In a recent interview with CNN discussing the sequel to his mammoth 2009 hit The Hangover, director Todd Phillips posed the question, “Since when have comedies really been so much about plot?” Chances are, that’s the exact same question he asked during the first writers meeting for The Hangover Part II, in which he and co-scribes Scot Armstrong and Craig Mazin theoretically mapped the entire sequel out.
With Phillips’ narrative-free approach to funny movies intact, the writing trio got started on what’d turn out to be a two-year development process leading up to the film’s release today. Here’s a logical guess as to how those screenwriting meet-ups transpired: With footage from ’09 Hangover playing in the background, they’d begin to write fresh material, but then the movie would distract them. One would say to the others, “Hey, that scene was hilarious—let’s use that again!” After they’d drafted 100 pages worth of rehashed gags, familiar character ticks, and identical structure, Phillips and company had a finished script for The Hangover Part II.
Only, this time it’s painfully unfunny and darker to the point of hardly being a comedy. An absolute disaster in every regard, The Hangover Part II repeatedly slaps fans of the first movie in the face with mean-spirited nihilism whenever it’s not insulting them with lazy copy-jobs of the original’s best moments, and even its lamest bits. Relocated from Las Vegas to Bangkok, the “Wolfpack”—Bradley Cooper, Ed Helms, and Zach Galifianakis—have lost both their sense of fun and humor somewhere in customs; in The Hangover Part II, they’re three unlikable guys doing despicable things in a movie that can’t be bothered with such principles as originality, wit, or enjoyment.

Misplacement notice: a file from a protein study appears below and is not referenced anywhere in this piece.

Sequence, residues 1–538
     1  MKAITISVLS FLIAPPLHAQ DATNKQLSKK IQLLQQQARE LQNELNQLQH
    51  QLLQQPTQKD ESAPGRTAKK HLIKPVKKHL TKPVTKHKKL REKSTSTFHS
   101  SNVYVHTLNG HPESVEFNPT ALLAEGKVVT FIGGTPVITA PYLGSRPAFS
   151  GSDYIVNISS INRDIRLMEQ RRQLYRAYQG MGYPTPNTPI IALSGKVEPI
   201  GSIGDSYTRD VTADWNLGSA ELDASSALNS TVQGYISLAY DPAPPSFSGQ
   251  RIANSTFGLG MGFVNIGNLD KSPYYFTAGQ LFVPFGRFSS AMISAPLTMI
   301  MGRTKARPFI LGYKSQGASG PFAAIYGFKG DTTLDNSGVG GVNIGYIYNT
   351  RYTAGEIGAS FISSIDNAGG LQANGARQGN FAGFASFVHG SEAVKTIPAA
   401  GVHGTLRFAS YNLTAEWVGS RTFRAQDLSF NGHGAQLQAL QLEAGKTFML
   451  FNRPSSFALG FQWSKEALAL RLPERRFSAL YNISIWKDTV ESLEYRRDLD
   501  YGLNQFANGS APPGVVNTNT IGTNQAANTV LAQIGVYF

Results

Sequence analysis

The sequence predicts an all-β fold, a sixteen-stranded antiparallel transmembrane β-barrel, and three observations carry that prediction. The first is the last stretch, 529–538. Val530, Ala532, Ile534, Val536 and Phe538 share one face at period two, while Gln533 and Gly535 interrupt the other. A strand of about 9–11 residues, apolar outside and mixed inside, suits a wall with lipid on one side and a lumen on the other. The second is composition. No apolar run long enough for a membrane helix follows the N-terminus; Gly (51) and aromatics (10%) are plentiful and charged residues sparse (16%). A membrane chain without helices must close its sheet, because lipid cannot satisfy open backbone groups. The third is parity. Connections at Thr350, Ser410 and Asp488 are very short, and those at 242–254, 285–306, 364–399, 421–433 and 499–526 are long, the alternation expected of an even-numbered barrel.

The Hangover Part II Is The First Movie’s Evil, Unfunny Twin
Even the film’s set-up is tired. After banging a stripper and breaking up with bitchy girlfriend at the end of the first movie, Stu (Helms) has a new, piping-hot Taiwanese fiancée (Jamie Chung), who he’s about to marry in her native Thailand. Instead of another potentially dangerous bachelor bash, he just wants a “bachelor brunch” in IHOP alongside his boys Phil (Cooper) and Doug (Justin Bartha); he also refuses to invite deranged man-child Alan (Galifianakis) to his wedding.
The Hangover Part II shouldn't be classified as a sequel; it's more in line with the most insulting of horror remakes.
So, yeah, The Hangover Part II is the exact same movie, plot-wise. Seemingly intent on pushing the material in some kind of way, the writers coat the film in curious darkness. One character gets shot in the arm without a punchline to follow; another finds out that he got boned by a transvestite in an awkward scene that plays like a straightforward heterosexual male nightmare, not an absurdist slice of raunchy comedy; and Jeong, giving one of the most unbearably obnoxious acting performances in recent memory, drops the N-bomb with the casualness of an unimaginative rapper.
A Fitting Subtitle For This Mess: When Terrible Scripts Happen To Once-Likable People